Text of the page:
Indian space program buoyed by back-to-back GSLV successes

The GSLV lifted off at 1122 GMT (7:22 a.m. EDT) Thursday from the Satish Dhawan Space Center on India's east coast about 50 miles north of Chennai. Credit: ISRO/Spaceflight Now
The GSLV lifted off at 1122 GMT (7:22 a.m. EDT) Thursday from the Satish Dhawan Space Center on India’s east coast about 50 miles north of Chennai. Credit: ISRO/Spaceflight Now

India’s Geosynchronous Satellite Launch Vehicle soared into space Thursday and deployed a 2.3-ton communications payload into an on-target orbit, tallying its second consecutive success with an Indian cryogenic upper stage as officials prepare to declare the once-troubled launcher operational.

The 161-foot-tall rocket launched at 1122 GMT (7:22 a.m. EDT) from the Satish Dhawan Space Center on India’s east coastline, turning east over the Bay of Bengal powered by 1.7 million pounds of thrust from a core solid-fueled motor and four auxiliary boosters burning liquid hydrazine.

With its nose cone emblazoned with the Indian flag, the GSLV flew with an Indian-built third stage fueled by super-cold liquid hydrogen and liquid oxygen.

Thursday’s launch marked the third time a GSLV flew with a domestic third stage engine, a configuration called the GSLV Mk.2 by Indian space officials.

The cryogenic engine apparently performed flawlessly, placing the 4,667-pound GSAT 6 spacecraft into the correct orbit about 17 minutes after liftoff.

“This is the mission director,” radioed R. Umamaheswaran, director of Thursday’s launch, which was codenamed GSLV-D6. “Spacecraft separatio confirmed, and the GSLV-D6/GSAT 6 mission is accomplished.”

Engineers and dignitaries gathered in the GSLV control center at the Satish Dhawan Space Center erupted in applause, celebrating India’s third successful launch of the year.

Officials reported GSAT 6’s power-generating solar panels extended after the launch, and the satellite was generating electricity.

The mission was the first by a GSLV since January 2014, when the Indian cryogenic upper stage completed its first successful test flight. An initial test of the new engine in 2010 ended in failure, and several other GSLV missions using a Russian-made upper stage did not succeed.

In remarks after Thursday’s launch, officials from the Indian Space Research Organization hailed the test flight and said the GSLV was ready to become operational.

A.S. Kiran Kumar, ISRO’s chairman, said Thursday’s success confirms the January 2014 launch “was no fluke. It was the result of a tremendous amount of hard work put in by the entire team to build an indigenous cryogenic engine, and today’s performance of the launch vehicle clearly demonstrates that all the systems have performed very normally, and the various intricacies of the cryogenic engine performance have been understood.”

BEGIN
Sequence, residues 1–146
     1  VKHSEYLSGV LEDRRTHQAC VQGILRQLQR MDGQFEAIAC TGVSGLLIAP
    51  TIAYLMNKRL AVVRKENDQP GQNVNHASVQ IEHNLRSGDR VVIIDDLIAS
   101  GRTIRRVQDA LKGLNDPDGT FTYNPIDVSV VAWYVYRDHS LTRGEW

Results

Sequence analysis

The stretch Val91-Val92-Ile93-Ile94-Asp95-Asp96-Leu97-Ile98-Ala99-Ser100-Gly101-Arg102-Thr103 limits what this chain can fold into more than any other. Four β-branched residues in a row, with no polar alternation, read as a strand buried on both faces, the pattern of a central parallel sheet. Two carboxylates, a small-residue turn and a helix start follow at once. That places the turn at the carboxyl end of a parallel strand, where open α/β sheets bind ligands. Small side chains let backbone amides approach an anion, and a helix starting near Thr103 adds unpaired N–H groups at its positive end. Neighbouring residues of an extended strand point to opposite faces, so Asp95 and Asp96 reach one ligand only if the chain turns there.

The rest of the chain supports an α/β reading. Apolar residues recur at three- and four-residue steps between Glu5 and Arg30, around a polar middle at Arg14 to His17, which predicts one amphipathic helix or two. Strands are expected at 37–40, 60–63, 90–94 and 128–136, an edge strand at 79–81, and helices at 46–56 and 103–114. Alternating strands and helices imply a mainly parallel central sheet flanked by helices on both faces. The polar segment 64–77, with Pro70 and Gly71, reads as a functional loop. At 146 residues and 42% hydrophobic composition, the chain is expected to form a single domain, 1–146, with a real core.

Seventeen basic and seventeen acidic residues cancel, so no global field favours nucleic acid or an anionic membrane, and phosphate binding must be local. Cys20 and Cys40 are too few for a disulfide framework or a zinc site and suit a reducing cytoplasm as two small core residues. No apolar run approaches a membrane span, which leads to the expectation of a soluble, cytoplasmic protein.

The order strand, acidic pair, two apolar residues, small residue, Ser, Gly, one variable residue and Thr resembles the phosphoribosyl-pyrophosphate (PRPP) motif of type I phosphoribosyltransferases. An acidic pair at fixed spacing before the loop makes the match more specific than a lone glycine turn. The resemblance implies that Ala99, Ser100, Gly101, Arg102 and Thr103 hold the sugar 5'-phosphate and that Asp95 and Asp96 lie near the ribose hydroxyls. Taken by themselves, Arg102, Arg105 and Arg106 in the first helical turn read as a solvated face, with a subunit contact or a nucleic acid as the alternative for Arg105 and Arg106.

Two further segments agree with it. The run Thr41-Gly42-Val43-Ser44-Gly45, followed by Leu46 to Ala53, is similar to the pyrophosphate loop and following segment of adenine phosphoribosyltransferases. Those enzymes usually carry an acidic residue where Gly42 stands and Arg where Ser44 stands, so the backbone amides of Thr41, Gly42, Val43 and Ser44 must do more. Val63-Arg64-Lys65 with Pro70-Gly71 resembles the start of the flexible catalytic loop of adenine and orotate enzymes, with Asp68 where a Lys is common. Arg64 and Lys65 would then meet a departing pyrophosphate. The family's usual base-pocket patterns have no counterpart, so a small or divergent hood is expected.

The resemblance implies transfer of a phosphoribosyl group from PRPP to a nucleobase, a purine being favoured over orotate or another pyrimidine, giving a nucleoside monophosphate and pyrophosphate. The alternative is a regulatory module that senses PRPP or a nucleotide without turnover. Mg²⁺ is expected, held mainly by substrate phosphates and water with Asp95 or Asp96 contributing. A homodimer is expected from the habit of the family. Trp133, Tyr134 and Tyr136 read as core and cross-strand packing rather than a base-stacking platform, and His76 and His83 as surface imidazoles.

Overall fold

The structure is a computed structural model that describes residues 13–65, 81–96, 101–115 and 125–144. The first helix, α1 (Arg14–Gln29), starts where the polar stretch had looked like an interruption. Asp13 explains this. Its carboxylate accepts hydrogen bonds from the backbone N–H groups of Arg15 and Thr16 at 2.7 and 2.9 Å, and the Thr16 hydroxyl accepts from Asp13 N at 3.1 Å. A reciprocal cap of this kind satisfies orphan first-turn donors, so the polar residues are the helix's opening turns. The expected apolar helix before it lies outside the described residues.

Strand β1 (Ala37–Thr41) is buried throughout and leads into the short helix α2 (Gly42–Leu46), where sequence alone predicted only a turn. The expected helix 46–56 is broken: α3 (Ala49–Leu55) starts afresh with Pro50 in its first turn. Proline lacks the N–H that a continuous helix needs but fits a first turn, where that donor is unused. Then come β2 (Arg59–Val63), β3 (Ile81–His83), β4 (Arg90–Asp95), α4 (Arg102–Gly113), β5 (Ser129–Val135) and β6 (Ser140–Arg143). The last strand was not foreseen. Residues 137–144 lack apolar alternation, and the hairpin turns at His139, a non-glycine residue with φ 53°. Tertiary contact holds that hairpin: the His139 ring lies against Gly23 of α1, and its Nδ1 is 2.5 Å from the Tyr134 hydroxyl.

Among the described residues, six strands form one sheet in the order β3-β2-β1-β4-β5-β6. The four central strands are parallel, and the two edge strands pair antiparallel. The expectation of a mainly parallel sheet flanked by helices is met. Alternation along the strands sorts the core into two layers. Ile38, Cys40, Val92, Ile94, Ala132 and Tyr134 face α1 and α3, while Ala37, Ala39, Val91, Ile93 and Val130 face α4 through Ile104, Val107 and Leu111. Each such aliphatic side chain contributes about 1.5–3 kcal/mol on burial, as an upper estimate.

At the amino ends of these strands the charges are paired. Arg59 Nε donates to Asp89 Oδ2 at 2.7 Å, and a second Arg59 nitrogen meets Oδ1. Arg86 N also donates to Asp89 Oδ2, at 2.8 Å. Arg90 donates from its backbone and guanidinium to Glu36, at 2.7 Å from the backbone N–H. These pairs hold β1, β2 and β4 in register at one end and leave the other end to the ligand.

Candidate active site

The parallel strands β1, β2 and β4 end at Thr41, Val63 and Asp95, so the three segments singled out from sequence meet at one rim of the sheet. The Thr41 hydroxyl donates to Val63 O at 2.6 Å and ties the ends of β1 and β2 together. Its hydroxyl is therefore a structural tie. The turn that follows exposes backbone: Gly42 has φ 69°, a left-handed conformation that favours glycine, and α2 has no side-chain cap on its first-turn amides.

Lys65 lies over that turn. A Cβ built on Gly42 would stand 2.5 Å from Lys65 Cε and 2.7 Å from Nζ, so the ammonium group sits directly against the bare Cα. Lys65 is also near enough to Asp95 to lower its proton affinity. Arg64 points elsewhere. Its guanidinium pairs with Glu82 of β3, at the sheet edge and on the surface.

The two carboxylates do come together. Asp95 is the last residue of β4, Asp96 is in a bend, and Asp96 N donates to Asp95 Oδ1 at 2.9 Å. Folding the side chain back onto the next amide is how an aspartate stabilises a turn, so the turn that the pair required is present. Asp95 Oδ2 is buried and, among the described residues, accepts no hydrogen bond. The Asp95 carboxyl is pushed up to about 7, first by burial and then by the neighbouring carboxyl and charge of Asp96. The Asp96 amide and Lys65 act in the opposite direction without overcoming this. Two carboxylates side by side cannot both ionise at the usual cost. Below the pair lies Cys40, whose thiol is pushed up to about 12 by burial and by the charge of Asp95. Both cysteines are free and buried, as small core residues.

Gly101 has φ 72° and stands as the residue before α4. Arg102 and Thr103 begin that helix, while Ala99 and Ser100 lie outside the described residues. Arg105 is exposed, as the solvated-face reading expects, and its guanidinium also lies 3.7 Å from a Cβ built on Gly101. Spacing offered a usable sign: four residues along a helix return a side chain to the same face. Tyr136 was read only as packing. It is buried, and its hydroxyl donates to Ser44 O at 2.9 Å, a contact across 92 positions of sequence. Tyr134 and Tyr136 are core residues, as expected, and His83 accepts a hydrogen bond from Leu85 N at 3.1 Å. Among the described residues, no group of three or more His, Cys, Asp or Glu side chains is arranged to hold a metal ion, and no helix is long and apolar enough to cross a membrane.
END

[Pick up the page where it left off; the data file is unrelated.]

The GSAT 6 satellite entered an orbit with a high point of 22,335 miles (35,945 kilometers), a low point of 105 miles (170 kilometers) and an inclination of 19.96 degrees, according to ISRO officials. That is close to prelaunch targets.

The GSAT 6 satellite is pictured during a solar array deployment test. Credit: ISRO

GSAT 6 will use its own engine to reach a circular orbit 22,300 miles above the equator, and it will unfurl a nearly 20-foot (6-meter) S-band antenna, the largest reflector of its kind ever flown on an Indian communications satellite.

The spacecraft carries S-band and C-band communications payloads with five spot beams and one nationwide beam. The main user of the GSAT 6 satellite will be the Indian military.

With Thursday’s success, the GSLV’s record stands at 5-for-9, including earlier variants with Russian hardware.

That compares unfavorably with India’s smaller Polar Satellite Launch Vehicle, which has logged 29 straight successful launches.

But the back-to-back performances by the GSLV give Indian officials hope the bigger rocket, which first flew in 2001, is finally over its early growing pains.

Once nicknamed the “naughty boy” of ISRO, the GSLV’s next flight is scheduled for June or July 2016, according to Umamaheswaran.

“Today, I’m really proud to say that this ‘naughty boy’ has been transformed to the most adored boy of ISRO,” Umamaheswaran said.

The GSLV Mk.2 can carry up to 5,500 pounds — 2.5 metric tons — to geostationary transfer orbit, the drop-off point for most communications satellites. That is nearly twice as much as the PSLV’s lift capability.

A smooth introduction of the GSLV into India’s launcher fleet is required to achieve ISRO’s goal of ramping up its launch rate. In the future, Indian space officials foresee up to six PSLV flights per year, plus an average of two GSLV missions annually.

That would double India’s current launch cadence.

“The indigenous GSLV with the indigenous cryogenic stage passed the ultimate (test) with flying colors and entered majestically into the operational phase,” said K. Sivan, director of the Vikram Sarabhai Space Center, which leads India’s launch vehicle programs. “GSLV-D6 is very important for the GSLV program. This particular (flight) essentially demonstrates the robustness of the vehicle to get to operational service flights. That we got.”

India’s satellite production division also aims to build more satellites to keep up with ISRO’s busy launch rate by more than doubling the number of spacecraft delivered per year, said M. Annadurai, director of the ISRO Satellite Center in Bangalore.

With GSLV operational, India can launch almost all its satellites on its own rockets. A few exceptions — satellites too big for the GSLV — are booked on international rockets such as Europe’s Ariane 5 launcher.

India’s next launch is scheduled for Sept. 28 when a PSLV will blast off with Astrosat, the country’s first dedicated space telescope.

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